would be used in the operation of an enterprise which is engaged in
activities affecting interstate commerce. Am. Compl. ¶ 460.
Defendants point out that the majority of circuits require Plaintiffs
to demonstrate that the use or investment of racketeering income is the
proximate cause of the Plaintiffs' injury in order to state a claim under
§ 1962(a) or (b).*fn4 Defendants argue that Plaintiffs cannot state
a claim for such a violation because they have not shown that an injury
occurred as a result of Defendants' use or investment of income from
racketeering activities. Int'l Def's. Mem. in Sup. of Mot. to Dismiss p.
35-36; Individual Def's. Mem. in Sup. of Mot. to Dismiss p. 23-24.
However, Plaintiffs are not obligated to raise such an allegation because
they have not alleged a substantive violation of § 1962(a) or (b).
Instead, Plaintiffs have alleged that Defendants violated § 1962(d)
for conspiring to violate § 1962(a) or (b), therefore, Plaintiffs
must only allege the presence of an agreement and necessary predicate
activity. Am. Compl. 66 456-61. Plaintiffs have sufficiently alleged an
agreement to use or invest the income obtained by extortion. Therefore,
Plaintiffs have sufficiently alleged a conspiracy to violate §
3. Claim IV, Conspiring to Violate § 1962(b)
Plaintiffs also claim that Defendants conspired to violate §
1962(b) by agreeing to acquire or to control an interest in the Titan
Tire Enterprise and the Titan Tire of Natchez Enterprise. Am. Compl.
¶ 466. Plaintiffs contend that Defendants did this through numerous
racketeering acts and threats involving extortion. Am. Compl. ¶ 100.
Defendants argue that Plaintiffs have not properly stated a claim under
§ 1962(b) because they have not demonstrated that there w as an
agreement to "control" Plaintiffs' enterprise. Int'l Defs'. Mem. p.
38-40. To properly state a claim for a conspiracy to violate §
1962(b), Plaintiffs' allegations of Defendants' agreement to control or
participate in the enterprise need not rise to the level of formal
control. Sutliff, Inc. v. Donovan Cos., Inc., 727 F.2d 648, 653 (7th
Cir. 1984) (rev'd on other gds.). To allege sufficient control,
Plaintiffs must allege that Defendants agreed to manipulate Plaintiffs'
activities through predicate acts which would cause Plaintiffs to make
decisions it would not have otherwise made. Id. See also Ikuno v. Yip,
912 F.2d 306, 310 (9th Cir. 1990).
Plaintiffs have alleged that Defendants conspired to engage in
racketeering activities in an attempt to manipulate Plaintiffs' hiring
decisions, wage decisions and other decisions. Am. Compl. ¶ 102. In
examining the Amended Complaint in the light most favorable to
Plaintiffs, it adequately states a claim for a conspiracy to violate
C. Claim V, Tortious Interference with Prospective Business Relations
Plaintiffs claim that Defendants tortiously interfered with their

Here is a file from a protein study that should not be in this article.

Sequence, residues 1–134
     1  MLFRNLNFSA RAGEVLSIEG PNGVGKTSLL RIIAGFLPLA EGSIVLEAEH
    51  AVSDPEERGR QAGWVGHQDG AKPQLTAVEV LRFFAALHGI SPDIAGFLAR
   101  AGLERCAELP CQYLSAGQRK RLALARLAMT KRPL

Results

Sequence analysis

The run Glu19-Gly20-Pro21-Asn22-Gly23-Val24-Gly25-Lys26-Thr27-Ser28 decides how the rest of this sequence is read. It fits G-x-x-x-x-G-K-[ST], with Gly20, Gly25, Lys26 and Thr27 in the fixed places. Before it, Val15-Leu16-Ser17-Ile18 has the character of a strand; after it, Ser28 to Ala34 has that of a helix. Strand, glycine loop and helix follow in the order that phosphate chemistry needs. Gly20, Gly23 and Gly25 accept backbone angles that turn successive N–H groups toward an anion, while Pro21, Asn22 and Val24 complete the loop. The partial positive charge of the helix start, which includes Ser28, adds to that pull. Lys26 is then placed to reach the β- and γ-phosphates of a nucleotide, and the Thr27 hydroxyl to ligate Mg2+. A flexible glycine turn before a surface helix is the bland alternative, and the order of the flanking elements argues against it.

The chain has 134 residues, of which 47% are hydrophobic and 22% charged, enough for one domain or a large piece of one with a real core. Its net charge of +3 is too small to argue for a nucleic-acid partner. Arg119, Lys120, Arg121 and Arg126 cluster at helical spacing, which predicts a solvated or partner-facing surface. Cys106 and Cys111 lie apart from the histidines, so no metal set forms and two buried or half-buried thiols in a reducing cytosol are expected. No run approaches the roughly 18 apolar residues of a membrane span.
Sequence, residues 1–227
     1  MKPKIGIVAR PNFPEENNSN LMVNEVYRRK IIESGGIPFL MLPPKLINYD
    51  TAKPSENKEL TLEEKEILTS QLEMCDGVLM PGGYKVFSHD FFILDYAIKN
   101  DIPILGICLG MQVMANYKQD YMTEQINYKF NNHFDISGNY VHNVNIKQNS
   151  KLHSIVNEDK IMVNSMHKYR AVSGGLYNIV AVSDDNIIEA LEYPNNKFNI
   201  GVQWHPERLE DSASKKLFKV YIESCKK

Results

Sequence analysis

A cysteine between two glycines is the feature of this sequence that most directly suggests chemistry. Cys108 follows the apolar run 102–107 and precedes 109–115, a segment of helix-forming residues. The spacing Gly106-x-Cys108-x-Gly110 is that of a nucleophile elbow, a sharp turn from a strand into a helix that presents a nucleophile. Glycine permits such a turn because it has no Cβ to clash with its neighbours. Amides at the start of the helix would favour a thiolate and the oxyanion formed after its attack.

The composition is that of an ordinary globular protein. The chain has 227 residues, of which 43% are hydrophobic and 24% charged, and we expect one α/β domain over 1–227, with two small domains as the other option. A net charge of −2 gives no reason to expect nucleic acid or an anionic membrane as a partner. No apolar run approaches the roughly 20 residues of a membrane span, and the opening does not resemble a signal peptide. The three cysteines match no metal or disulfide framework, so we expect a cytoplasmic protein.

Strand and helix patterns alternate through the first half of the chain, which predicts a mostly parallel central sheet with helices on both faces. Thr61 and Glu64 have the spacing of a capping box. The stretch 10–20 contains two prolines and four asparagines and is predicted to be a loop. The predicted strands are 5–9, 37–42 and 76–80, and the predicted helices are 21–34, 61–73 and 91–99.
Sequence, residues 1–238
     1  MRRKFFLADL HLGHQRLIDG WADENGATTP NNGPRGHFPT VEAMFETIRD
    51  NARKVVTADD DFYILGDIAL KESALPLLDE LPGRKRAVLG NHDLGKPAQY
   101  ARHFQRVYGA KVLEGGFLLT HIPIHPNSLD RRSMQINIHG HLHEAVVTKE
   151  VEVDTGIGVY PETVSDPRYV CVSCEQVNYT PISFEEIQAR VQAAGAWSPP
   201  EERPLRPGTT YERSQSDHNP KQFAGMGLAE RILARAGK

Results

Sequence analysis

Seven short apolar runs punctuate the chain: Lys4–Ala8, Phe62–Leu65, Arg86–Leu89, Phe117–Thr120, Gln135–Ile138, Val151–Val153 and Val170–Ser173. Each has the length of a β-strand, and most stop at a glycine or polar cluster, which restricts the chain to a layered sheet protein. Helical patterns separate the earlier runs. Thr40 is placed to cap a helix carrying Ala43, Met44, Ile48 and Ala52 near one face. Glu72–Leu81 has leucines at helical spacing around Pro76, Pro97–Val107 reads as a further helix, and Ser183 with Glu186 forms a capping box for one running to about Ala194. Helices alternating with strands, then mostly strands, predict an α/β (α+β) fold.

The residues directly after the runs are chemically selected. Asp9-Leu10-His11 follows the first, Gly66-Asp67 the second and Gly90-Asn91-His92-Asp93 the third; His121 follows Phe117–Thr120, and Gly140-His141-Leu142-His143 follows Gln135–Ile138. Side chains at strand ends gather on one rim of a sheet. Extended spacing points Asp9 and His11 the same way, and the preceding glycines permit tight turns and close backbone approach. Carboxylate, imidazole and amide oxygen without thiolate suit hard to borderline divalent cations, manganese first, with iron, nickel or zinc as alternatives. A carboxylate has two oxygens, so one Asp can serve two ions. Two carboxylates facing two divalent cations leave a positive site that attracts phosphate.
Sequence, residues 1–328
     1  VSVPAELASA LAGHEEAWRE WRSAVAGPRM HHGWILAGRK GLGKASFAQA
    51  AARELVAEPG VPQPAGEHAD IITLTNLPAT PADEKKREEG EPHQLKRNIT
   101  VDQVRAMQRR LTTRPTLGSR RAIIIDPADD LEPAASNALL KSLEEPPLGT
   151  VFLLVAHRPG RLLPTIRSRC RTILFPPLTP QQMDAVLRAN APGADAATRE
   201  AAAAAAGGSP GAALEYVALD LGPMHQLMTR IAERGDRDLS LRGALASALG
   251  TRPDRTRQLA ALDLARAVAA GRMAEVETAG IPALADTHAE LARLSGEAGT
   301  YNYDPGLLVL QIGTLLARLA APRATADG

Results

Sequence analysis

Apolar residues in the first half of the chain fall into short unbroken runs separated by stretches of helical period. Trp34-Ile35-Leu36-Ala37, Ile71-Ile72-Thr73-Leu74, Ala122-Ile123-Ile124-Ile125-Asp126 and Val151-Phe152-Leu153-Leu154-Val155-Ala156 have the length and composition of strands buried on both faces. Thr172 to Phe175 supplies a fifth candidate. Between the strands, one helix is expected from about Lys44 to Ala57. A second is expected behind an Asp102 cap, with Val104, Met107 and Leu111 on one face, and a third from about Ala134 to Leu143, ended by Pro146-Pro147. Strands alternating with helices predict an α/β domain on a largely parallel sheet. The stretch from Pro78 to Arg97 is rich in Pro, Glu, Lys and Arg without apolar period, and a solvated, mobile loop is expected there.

prospective business relations with banks, insurers, customers,
shareholders, employees, and independent contractors.
Am. Compl. ¶
399. Plaintiffs allege that this interference caused economic injury to
all Plaintiffs. Am. Compl. ¶ 470. To allege a tortious interference
with prospective business relations in Illinois, Plaintiffs must allege
that they had a reasonable expectation of entering into a valid business
relationship, that Defendants knew of Plaintiffs' interest, that the
Defendants purposefully interfered with such relationship, and that
damages resulted to Plaintiffs. Fellhauer v. City of Geneva,
568 N.E.2d 870, 877-78 (Ill. 1991). The elements for an interference with
prospective business relations are similar in Iowa and Mississippi. See
Burke v. Hawkeye Nat. Life Ins. Co., 474 N.W.2d 110, 114 (Iow a 1991);
see also Par Industries, Inc. v. Target Container Co., 708 So.2d 44, 48
(Miss. 1998). Plaintiffs have properly alleged the existence of such
relationships between Plaintiffs and third-party customers,
shareholders, dealers, and lenders. They have also alleged that each
Defendant knowingly participated in conduct to hurt the relationships
between Plaintiffs and third parties and that Plaintiffs suffered injury
because of these alleged actions. Therefore, Plaintiffs have properly
pled this claim.
D. Claim VI: Civil Conspiracy Claim
Plaintiffs have sufficiently alleged that Defendants engaged in a civil
conspiracy to interfere in Plaintiffs' prospective business relationships
with third parties. Plaintiffs alleged that Defendants entered into an
agreement to threaten and boycott third parties because of their
relationship with Plaintiffs, filed frivolous suits to affect Plaintiffs'
relationships with third parties, disseminated false information about
Plaintiffs to third parties, and engaged in acts of property damage
against employees and independent contractors. Am. Compl. ¶ 474. A
civil conspiracy for interference with business relationships is
actionable. Blivas & Page, Inc. v. Klein, 282 N.E.2d 210, 214
(Ill.App.Ct. 1972). Therefore, Plaintiffs have sufficiently pled this
civil conspiracy to state a claim.
Examining the Amended Complaint in the light most favorable to
Plaintiffs, the allegations are sufficient to state each claim alleged.
Therefore, Defendants' Motions to Dismiss (d/e 15, d/e 19, d/e 21) are
DENIED. Defendants are ordered to answer the Amended Complaint by
November 21, 2001.